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This and that with Mal'phosa - Emadlodlo 22

09 Jun 2013 at 07:15hrs | Views
The two race horses are still literally sweating it out 45 minutes later. Phela ingoma zabazawethu are close to a hundred kilometres long each. One of them has taken off his tattered and torn shirt, revealing a tsheketshas torso, marked with scars and old, grayish mdlopha. He has tied his yellowish jacket to his thin waist, and it flutters like a stiff wide pendulum as he heads for the crescendo. The other is using his faded Dynamos t-shirt to wipe away the pools of smelly sweat swathing his face and chest. His big toes, which peep out of his torn sneakers like heads of two tortoises intent on mating, kiss the ground and scrub away the dust, leaving the floor shiny. And the beat goes on!

Nothing has changed in the way they are sashaying with their toes and heels, ankles twisted visibly, and toes scraping the dusty floor. The forward foot clomps the floor with the toes, making a soft rasping sound, like a dog's paw on hard ground. It is one foot up forward and the other foot backwards. Both hands are still pawing away at an imaginary track in the air, like the hooves of a drugged and highly energetic mule. A number of guys are shaking their heads rhythmically; some in disbelief, others in enjoyment, and yet others bayadlela nje. There are some of course, who are indifferent,  like this man who is so drunk his face looks like it just suffered a stroke. He goes around casually, asking anyone who cares to listen if they liked country music. When he gets to Godlwayo, Godlwayo retorts, "Which country?"    
Until someone who looks too sober for the occasion, calls him, "Sandariyapore, come, let's go home. Banokuvisa mazinyo panapa ukapusa." He obliges without asking any questions. And another one who is more disgusted shouts in passing, "Nxa licabanga ukuthi sizaliholela imali, mahole, litshaye phansi! You second-hand-water." The two horses don't give him any attention, either because they do not get what he said or they are two scared to answer back. He stands there, shaking unsteadily and making faces as his whole body succumbs to alcoholic ataxia. "Ung'khangelani wena?" He addresses no one in particular. "Blali bhatshi. You sanamabitshi." He mutters some more inaudibles as he squints into the sunlight and wobbles out of the hall. He disappears outside with his mug of beer.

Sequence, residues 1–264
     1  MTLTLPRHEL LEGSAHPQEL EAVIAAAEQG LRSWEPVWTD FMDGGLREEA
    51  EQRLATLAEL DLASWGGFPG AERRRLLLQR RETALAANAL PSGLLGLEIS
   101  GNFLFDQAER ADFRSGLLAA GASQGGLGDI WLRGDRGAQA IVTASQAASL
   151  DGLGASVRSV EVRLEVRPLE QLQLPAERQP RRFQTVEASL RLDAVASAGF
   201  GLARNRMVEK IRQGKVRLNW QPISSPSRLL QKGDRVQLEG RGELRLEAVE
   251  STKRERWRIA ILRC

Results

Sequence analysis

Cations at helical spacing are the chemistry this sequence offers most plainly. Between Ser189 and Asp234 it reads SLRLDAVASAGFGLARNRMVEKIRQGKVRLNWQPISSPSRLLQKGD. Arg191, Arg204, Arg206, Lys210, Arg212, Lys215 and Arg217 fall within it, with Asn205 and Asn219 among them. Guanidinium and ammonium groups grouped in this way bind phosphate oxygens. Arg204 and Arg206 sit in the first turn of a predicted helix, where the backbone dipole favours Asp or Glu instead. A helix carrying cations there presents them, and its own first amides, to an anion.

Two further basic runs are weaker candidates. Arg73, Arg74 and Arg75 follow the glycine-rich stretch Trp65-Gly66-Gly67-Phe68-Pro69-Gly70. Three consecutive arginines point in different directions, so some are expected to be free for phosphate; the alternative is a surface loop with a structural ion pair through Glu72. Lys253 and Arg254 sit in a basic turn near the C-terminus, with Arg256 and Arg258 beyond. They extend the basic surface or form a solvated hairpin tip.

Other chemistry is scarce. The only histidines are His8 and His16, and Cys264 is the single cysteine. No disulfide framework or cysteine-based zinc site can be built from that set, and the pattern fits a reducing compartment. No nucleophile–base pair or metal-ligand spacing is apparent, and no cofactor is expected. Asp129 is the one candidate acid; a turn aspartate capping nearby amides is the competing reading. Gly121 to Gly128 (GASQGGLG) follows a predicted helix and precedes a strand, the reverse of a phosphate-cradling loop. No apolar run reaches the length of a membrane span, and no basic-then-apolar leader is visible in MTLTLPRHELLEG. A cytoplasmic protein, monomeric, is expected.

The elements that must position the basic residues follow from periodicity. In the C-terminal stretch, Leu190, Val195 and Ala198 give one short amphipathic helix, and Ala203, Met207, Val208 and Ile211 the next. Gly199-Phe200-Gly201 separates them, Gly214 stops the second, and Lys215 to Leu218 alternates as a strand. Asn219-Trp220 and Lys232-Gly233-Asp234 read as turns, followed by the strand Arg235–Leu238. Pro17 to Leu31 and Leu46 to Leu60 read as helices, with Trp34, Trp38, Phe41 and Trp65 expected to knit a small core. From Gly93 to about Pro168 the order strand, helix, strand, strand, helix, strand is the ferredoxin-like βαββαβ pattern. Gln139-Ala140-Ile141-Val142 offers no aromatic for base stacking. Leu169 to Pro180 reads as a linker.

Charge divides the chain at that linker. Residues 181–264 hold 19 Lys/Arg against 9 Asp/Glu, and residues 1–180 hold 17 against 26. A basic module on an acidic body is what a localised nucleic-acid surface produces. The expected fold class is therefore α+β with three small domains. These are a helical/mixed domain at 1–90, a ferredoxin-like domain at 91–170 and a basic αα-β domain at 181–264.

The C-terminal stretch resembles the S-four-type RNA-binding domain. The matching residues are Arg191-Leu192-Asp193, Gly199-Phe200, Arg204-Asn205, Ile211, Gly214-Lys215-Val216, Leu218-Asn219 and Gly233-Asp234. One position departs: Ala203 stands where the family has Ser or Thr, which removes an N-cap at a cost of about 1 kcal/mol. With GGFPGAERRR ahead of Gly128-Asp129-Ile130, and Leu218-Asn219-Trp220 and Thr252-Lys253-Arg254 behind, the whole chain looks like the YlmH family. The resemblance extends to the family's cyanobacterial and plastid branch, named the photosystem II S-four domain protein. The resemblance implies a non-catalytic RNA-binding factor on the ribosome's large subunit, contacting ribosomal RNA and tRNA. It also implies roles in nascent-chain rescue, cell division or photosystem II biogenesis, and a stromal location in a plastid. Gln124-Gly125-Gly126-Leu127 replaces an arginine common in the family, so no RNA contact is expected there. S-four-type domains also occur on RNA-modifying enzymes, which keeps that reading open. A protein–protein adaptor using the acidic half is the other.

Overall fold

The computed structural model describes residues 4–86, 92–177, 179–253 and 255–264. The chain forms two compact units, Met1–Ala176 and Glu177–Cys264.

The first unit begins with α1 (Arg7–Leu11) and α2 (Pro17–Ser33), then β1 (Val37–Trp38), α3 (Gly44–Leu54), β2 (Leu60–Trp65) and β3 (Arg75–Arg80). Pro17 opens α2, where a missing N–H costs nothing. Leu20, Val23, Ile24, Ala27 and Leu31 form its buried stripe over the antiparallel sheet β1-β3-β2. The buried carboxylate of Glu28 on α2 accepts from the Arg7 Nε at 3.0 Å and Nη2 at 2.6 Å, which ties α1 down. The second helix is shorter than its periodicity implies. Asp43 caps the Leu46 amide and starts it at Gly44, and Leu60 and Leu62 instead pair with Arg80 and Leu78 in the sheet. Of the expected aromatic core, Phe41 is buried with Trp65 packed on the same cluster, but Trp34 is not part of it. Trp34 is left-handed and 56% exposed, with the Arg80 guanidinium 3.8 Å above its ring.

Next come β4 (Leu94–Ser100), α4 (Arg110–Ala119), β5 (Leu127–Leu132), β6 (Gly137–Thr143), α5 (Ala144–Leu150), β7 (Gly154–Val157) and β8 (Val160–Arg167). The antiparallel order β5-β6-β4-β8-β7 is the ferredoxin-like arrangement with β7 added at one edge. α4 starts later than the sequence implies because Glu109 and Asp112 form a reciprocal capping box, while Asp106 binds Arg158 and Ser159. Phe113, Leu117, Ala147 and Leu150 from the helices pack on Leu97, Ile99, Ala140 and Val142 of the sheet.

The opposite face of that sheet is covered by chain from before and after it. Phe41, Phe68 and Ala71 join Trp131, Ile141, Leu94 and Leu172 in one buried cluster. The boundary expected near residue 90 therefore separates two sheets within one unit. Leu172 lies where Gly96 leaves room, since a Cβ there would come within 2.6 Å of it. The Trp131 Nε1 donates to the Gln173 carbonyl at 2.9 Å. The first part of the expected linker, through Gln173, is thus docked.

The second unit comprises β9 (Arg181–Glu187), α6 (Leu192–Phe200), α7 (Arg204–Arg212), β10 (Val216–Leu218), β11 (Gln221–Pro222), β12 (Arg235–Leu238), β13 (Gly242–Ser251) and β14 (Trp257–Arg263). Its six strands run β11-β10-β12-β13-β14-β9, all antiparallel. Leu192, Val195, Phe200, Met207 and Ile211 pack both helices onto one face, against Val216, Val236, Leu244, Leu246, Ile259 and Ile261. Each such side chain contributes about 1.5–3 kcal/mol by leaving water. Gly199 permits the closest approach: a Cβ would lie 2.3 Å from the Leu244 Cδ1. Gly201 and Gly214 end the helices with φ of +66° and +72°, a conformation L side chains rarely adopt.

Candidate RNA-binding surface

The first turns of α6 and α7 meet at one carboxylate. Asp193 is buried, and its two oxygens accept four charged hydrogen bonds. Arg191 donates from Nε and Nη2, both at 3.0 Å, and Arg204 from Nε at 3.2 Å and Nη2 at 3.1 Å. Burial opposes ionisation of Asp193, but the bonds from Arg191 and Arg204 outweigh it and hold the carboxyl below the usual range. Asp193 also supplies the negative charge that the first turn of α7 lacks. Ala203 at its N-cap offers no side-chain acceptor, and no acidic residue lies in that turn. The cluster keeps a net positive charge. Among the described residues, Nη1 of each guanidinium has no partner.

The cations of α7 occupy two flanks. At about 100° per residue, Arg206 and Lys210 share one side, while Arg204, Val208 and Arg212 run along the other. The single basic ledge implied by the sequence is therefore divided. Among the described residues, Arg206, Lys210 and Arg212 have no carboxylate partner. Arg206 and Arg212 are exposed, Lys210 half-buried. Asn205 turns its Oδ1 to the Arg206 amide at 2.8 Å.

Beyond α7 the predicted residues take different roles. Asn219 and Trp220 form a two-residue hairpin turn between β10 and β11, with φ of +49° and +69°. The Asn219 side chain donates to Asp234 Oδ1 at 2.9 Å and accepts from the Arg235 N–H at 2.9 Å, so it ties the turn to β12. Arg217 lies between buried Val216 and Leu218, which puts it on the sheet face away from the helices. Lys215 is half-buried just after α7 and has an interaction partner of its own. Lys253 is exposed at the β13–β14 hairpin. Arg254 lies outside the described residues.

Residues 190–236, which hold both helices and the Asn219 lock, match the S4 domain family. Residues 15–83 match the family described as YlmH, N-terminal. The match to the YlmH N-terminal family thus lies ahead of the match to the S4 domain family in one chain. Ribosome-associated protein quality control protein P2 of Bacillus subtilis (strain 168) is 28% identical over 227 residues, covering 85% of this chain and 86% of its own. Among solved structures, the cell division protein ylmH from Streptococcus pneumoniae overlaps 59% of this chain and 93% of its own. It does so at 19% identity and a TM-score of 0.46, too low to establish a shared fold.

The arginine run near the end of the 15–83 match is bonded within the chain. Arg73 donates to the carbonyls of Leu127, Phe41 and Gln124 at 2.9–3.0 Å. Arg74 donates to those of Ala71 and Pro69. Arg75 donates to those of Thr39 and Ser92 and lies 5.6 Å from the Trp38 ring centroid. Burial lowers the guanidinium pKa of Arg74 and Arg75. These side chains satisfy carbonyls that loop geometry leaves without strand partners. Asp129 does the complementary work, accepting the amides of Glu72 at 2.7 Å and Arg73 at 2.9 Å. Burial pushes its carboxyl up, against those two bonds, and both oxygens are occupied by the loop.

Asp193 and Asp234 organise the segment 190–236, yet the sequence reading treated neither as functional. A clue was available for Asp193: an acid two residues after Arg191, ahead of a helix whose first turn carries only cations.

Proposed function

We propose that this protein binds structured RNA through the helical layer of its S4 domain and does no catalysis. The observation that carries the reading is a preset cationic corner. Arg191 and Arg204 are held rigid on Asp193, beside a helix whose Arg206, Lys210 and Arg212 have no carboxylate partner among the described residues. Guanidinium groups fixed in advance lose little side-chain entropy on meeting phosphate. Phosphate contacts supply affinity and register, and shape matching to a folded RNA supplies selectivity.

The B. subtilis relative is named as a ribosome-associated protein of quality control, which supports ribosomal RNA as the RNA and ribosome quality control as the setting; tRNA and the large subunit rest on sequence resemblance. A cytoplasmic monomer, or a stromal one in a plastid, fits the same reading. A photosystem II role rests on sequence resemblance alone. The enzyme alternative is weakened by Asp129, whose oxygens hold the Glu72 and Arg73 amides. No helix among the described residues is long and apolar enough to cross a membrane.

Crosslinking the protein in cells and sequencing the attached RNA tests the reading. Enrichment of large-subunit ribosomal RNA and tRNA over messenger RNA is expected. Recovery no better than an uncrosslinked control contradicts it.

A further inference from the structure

Another one has an announcement to make; "All those who want to dance like old dogs ferreting for old rusty bones, go to Harare." He has by his side two other young men who carry Highlanders regalia, including the rare vuvuzela. Highlanders has just beaten Black Rhinos at BF. A certain man had brought a wireless to the beer-hall, in order to follow the game live. Rhinos scored first, and the guy increased the volume of his radio. Highlanders equalised some ten minutes before half time, and the man switched off his radio. When he decided to switch it on again, as fate would have it, Highlanders scored their second goal. The man switched off his radio, plucked it off the concrete table and scurried into the crowd outside. We laughed in muffled voices as he walked stiffly and angrily, muttering and swearing to himself.